The act of reading ... begins on a flat surface, counter or page, and then gets stirred and chopped and blended until what we make, in the end, is a dish, or story, all our own.
— Adam Gopnik

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December 12, 2013


There could be no wearing of clothes without their laundering, just as surely as there could be no going without clothes, not in Hertfordshire anyway, and not in September. Washday could not be avoided, but the weekly purification of the household's linen was nonetheless a dismal prospect for Sarah.
      The air was sharp at four-thirty in the morning, when she started work.  The iron pump-handle was cold, and even with her mitts on, her chilblains flared as she heaved the water up from the underground  dark and into her waiting pail. A long day to be got through, and this just the very start of it.
      All else was stillness. Sheep huddled in drifts on the hillside; birds in the hedgerows were fluffed like thistledown; in the woods, fallen leaves rustled with the passage of a hedgehog; the stream caught starlight and glistened over rocks. Below, in the barn, cows huffed clouds of sweet breath, and in the sty, the sow twitched, her piglets huffed at her belly. Mrs. Hill and her husband, up high in their tiny attic, slept the black blank sleep of deep fatigue; two floors below, in the principal bedchamber, Mr. and Mrs. Bennet were a pair of churchyard humps under the counterpane. The young ladies, all five of them, sleeping in their beds, were dreaming of whatever it was that young ladies dream.  And over it all, icy starlight shone; it shone on the slate rooves and the flagged yard and the necessary house and the shrubbery and the little wilderness off to the side of the lawn, and on the coveys where the pheasants huddled, and on Sarah, one of the two Longbourn housemaids, who cranked the pump, and filled a bucket, and rolled it aside, her palms already sore, and then set another bucket down to fill it too.

Longbourn, which was just published here, was going to be a reading treat over Christmas break -- I had something else Austenesque in mind for this week -- until I got the dreaded library recall notice, which meant that I'd need to return it by tomorrow. But I did find time (I made time!) to finish it, and so I got my reading treat early.

I loved that first paragraph - doesn't it sound like something that Jane Austen would have written if she had been allowed to write such things?  On the surface, Longbourn is Pride and Prejudice told from the point of view of the servants:  Mr. and Mrs. Hill (the butler, sort of, and cook/housekeeper),  Sarah and Polly, the two housemaids, and James, the new footman who mysteriously arrives at the beginning of the novel. But it's also a very separate story; we only see Jane Austen's characters and events through their eyes, often just in passing or at a distance. Mr. Darcy, for instance, barely makes an appearance, and it's perfect to only see him through the housemaids' eyes. {Because of that, I think Longbourn would read best if you've read Pride and Prejudice, because you would know what was happening around the edges, and it wouldn't matter.} The servants feel the Bennets' moods, are intimate with their laundry and their chamberpots, worry about what will happen to them when Mr. Collins inherits, but they have their own lives and their own secrets. I think Jo Baker has found a very good way of putting two stories side by side and mostly telling only one of them.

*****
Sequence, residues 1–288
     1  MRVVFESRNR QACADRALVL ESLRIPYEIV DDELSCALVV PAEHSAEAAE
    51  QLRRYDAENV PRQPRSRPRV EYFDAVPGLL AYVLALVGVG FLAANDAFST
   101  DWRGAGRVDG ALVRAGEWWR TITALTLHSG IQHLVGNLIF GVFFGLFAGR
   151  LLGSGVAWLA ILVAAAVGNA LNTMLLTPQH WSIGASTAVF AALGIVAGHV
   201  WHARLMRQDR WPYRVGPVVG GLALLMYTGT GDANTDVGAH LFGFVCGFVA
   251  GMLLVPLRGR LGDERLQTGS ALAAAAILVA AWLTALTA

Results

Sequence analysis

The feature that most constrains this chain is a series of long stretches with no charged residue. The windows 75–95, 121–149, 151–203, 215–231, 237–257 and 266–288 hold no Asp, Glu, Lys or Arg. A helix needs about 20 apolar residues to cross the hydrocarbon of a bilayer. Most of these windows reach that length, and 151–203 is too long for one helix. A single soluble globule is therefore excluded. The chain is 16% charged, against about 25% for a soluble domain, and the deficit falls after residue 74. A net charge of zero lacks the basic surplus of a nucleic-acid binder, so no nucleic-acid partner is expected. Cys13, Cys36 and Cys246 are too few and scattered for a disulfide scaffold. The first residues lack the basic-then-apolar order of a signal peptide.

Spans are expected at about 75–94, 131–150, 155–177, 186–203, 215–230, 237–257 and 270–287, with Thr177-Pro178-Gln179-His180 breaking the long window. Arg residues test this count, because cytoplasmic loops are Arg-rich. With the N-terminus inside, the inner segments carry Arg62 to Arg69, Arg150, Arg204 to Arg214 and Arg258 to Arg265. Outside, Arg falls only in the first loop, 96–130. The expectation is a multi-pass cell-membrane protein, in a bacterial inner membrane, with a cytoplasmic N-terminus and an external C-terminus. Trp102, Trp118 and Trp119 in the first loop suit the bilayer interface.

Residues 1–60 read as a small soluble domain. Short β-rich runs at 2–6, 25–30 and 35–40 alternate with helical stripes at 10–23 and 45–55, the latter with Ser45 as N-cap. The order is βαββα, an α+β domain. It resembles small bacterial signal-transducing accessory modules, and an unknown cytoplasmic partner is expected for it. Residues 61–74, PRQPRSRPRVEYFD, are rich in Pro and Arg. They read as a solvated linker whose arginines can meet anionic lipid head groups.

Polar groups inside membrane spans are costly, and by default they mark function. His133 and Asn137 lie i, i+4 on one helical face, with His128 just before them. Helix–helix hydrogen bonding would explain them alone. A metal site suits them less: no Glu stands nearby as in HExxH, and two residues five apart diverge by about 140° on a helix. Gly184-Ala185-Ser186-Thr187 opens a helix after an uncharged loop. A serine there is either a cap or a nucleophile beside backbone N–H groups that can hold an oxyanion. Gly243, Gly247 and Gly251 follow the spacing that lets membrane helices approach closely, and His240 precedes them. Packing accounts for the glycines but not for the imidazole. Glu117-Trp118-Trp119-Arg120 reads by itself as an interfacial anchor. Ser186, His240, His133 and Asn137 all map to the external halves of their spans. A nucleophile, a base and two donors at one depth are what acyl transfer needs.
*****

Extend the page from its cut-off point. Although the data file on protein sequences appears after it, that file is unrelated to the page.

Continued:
Mostly, because the two are intertwined; Polly, who is only 12 or 13 {she can't remember} and beautiful in the way that  young girls are, becomes the pet of an especially evil Wickham, and there is another connection that comes out in what I thought was a very well-done bit of storytelling. {It involves one of my favorite characters from Pride and Prejudice, someone I will never be able to see the same way again, because I think Jo Baker is right about him.}

I also appreciated the writing; it's very descriptive and rhythmical and lush, almost romantic, even though it is often describing a hardscrabble life, or a difficult past. Because I read the Afterword beforehand {I'm just like that}, it was also kind of enchanting to imagine how much fun it would have been to lay out this story, when

... where the two books overlap, the events of this novel are mapped directly onto Jane Austen's. When a meal is served in Pride and Prejudice, it has been prepared in Longbourn. When the Bennet girls enter a ball in Austen's novel, they leave the carriage waiting in this one. ... But what the servants get up to in the kitchen, unobserved, while Elizabeth and Darcy are busy falling in love upstairs, is, I think, entirely up to them.


Bellezza said...

Oh, I think I would love this! You have taught me to appreciate Jane Austen more than I have before, and this book has really picqued my interest from your review. I can see why it would be reserved for a "Christmas treat", yet I'm glad the dreaded notice caused you to move it up a bit for us to hear your thoughts. Stupid library. Sometimes I think we should just buy all the books we love. ;)

Anonymous said...

I loved what I read of this book, but the story didn't quite hold me, and so I drifted away. I must go back soon.

Jo Baker does write beautifully - I picked this book up without registering the significance of the title, just on the strength of her name.

JoAnn said...

This would be a perfect Christmas treat! Have a feeling it will be my last splurge before beginning the TBR Triple Dog Dare...

Lilacs said...

Great present idea, thank you!

Vintage Reading said...

I'm torn between wanting to read this and being outraged at the audacity of the author taking on a Jane Austen novel!

The chapter you quoted is pretty good ...!

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